Note: portions of the cave are closed during bat breeding season so that the bats are not disturbed. Check the park website for up to date information before going.
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If you are on the west side of the park, the Balconies Cave loop is a good option for families looking to explore some talus caves.
There is 2.4-mile loop trail which takes hikers into these caves. Balconies Cave is darker and longer than Bear Gulch Cave. As with the Bear Gulch Cave, flashlights or headlamps are necessary. Partial cave closures take place during bat breeding season.
So which cave do you choose? Well that depends on which side you enter the park since the two sides do not connect.
The east side is more developed and my choice if you only have time to visit one side of the park. I do encourage you to stay the night and make time to see Balconies Cave on the west side the next day.
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High Peaks Trail
Beyond the caves, the other obvious standout at this national park are the otherworldly high peaks which were created by a volcanic activity in Southern California (near Lancaster) many millennia ago.
These tremendous rocky peaks traveled up to Central California via the seismic shifting of the San Andreas Fault, creating a terrific hiking and bird-watching environment for park visitors today.
As one would imagine, the hike to the High Peaks is uphill. My family took the High Peaks Loop Trail from the Bear Gulch/Moses Spring area all the way up to the high point at Scout Peak which is sits 2605 feet above sea level, resulting in a 1425 foot elevation gain in about 2 miles (making this a 4-mile out and back hike).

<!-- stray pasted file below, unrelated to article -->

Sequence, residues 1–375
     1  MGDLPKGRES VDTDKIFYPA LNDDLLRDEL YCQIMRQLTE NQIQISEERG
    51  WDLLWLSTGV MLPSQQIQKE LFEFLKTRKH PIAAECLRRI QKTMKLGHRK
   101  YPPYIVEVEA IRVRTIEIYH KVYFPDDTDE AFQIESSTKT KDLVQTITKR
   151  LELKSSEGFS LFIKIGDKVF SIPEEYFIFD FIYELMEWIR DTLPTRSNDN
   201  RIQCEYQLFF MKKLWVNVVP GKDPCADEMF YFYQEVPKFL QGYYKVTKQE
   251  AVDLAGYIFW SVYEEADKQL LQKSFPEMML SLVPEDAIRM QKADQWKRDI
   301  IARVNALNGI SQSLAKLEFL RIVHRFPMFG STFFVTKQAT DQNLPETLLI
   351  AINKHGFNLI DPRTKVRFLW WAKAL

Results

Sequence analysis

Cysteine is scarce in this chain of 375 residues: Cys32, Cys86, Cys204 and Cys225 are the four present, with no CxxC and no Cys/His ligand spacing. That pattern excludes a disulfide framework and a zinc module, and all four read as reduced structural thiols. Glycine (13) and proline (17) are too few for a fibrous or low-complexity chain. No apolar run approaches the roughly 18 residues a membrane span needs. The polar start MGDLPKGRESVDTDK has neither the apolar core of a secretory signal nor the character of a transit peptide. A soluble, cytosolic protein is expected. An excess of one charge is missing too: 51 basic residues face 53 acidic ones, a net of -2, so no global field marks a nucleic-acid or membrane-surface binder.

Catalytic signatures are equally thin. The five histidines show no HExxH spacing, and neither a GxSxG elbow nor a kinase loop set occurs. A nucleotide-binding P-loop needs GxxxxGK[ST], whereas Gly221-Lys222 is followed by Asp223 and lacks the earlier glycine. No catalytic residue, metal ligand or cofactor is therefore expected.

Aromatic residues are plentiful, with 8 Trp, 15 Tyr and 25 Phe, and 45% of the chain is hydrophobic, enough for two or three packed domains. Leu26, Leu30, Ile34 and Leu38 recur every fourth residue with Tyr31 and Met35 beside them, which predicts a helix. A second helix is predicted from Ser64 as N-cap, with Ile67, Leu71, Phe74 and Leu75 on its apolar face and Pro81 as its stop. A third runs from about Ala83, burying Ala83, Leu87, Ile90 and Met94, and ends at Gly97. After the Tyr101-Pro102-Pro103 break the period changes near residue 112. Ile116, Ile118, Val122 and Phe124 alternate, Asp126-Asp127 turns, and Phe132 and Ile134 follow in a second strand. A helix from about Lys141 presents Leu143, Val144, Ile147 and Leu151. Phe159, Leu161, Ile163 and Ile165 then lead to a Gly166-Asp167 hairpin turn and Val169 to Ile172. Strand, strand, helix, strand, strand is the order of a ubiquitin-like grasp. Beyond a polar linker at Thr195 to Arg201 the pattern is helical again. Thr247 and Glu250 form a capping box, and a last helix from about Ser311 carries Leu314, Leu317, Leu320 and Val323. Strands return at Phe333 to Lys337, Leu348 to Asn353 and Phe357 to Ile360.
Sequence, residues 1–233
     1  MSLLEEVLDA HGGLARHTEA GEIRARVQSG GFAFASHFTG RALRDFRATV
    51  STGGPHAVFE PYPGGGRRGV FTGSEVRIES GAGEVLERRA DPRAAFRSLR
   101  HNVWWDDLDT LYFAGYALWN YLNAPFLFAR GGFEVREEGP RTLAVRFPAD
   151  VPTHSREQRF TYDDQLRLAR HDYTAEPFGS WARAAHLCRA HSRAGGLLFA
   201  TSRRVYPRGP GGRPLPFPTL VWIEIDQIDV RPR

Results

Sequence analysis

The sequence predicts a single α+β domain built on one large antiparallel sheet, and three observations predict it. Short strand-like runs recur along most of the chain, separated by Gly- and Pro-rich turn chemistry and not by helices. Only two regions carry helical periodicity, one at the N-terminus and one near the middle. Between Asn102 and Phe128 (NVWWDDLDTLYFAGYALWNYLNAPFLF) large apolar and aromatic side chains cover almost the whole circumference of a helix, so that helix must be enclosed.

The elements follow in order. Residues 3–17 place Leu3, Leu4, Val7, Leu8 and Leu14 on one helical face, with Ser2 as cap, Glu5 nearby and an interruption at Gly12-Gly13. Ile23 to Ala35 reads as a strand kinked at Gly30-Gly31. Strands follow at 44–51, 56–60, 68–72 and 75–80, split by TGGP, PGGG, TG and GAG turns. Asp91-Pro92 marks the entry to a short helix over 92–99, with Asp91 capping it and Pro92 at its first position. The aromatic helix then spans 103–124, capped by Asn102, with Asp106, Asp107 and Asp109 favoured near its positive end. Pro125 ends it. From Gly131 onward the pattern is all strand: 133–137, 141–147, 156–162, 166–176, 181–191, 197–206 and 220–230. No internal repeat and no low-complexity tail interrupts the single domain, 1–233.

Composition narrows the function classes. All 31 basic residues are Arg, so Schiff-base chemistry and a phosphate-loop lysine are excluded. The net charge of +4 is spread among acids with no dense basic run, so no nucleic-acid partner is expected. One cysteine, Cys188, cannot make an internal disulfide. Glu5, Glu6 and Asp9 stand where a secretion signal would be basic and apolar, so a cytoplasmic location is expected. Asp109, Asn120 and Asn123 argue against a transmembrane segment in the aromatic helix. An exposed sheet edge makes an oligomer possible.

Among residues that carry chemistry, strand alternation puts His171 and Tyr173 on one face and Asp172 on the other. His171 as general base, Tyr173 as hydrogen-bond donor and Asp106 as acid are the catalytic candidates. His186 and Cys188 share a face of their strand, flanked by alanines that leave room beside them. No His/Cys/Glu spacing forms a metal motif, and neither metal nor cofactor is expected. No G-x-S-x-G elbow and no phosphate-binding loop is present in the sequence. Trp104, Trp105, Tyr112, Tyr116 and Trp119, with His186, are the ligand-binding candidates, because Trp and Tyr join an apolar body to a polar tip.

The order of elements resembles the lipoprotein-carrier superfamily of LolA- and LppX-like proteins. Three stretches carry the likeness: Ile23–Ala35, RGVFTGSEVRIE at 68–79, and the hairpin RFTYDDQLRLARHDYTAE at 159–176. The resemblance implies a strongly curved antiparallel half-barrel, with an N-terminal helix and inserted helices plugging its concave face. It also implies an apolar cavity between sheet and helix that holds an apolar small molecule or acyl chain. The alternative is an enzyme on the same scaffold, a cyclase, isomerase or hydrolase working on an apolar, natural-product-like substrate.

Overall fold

The trail is considered strenuous but was very doable for my active eight-year-olds. We saw another family with young children enjoying the views from the top as well.
This section of the park is an ideal place to take in sprawling views and catch a glimpse of the massive wingspan of the California Condor as it glides through the sky on an air current.
Instead of heading back down via the same route, it is also possible to turn this hike into a loop totaling close to six miles. The loop will take you through the High Peaks famed steep and narrow section.
This section does have steep drop-offs and some railings to help with the narrow sections. It is best tackled by older kids and adults with plenty of hiking experience. Scout Peak can also be accessed from the west side via the Juniper Canyon Trail. It is a similar length and steepness as the trek from Bear Gulch.